Restorative Justice aims to reduce the risk of offending amongst even the most prolific offenders by bringing together the offender with their victim to enable the victim to ask questions and the offender to hear the impact of their crime and take responsibility for their behaviour.
Restorative Justice is available across West Yorkshire and involves a combination of staff and specially recruited and trained volunteers who can help to facilitate contact between offenders and their victims.
Restorative Justice holds offenders to account for what they have done, personally and directly, and helps victims to get on with their lives.
Offenders, whose crime has a direct victim (but not domestic violence or sexual offences) are assessed for both their suitability and motivation for the process. If the offender agrees, the Restorative Justice Facilitator (RJF) contacts the victim to discuss the offence and to see if they want to take part. There are a number of ways this can happen:
- a facilitated face to face meeting between the offender and victim
- indirect mediation where the facilitator raises questions or issues with the offender and feeds back to the victim
- a letter of apology from the offender
If the victim doesn't want to take part, the facilitator can undertake work with the offender to challenge their offence and get the offender to put themselves in the position of the victim in a mock conference, making them literally swap seats to see things from a different perspective.
Responses from offenders and victims are incredibly positive. Victims get to see the offender as a person and not a 'devil' or 'monster'. Responses from the conferences held show that most victims want the offender to stop offending and ensure no-one else has to go through what they have experienced.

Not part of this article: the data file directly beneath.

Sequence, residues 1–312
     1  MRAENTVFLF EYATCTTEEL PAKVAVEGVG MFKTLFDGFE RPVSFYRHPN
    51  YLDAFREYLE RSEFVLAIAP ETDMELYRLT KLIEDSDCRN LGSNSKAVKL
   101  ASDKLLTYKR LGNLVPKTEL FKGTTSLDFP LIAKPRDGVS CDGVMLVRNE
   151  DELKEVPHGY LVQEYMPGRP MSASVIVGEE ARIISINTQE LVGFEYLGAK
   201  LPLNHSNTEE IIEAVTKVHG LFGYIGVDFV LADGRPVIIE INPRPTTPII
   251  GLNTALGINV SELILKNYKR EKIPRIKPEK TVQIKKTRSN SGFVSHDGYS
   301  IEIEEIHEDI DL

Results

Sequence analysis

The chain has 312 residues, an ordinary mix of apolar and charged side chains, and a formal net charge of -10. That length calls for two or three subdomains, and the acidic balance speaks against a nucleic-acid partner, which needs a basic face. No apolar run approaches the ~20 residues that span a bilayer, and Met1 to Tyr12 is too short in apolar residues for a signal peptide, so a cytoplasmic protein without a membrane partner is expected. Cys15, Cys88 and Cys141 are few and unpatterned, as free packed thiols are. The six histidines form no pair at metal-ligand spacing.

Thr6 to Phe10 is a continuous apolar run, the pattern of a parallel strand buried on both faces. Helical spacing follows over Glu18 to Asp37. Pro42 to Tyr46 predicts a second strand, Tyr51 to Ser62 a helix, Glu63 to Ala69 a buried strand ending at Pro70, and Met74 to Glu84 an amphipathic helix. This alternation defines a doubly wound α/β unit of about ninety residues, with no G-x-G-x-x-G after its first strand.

Most offenders going through the process find facing a victim far more difficult than going to court. An outcome agreement is completed at the end of the meeting which details what the offender will do to make amends. Almost all outcome agreements are met.
National research shows that recidivism is reduced by around 27% after participation in Restorative Justice (Home Office 2011).
Restorative Justice is now an integral element of all Intensive Community Orders where there is a victim and they want to be involved.
Restorative Justice in Bradford has been so successful that Bradford Safer Community Partnership seconded Probation Officer, Kate Brooksbank, to set up a new initiative, Neighbourhood Resolution Panels. These aim to use Restorative Justice principles to deal with lower level crime including anti social behaviour. During 2011 Kate recruited and trained 20 volunteers who will facilitate the meetings between victim and perpetrator. Interest in volunteering was high which points to a great success when the initiative launches in summer 2012.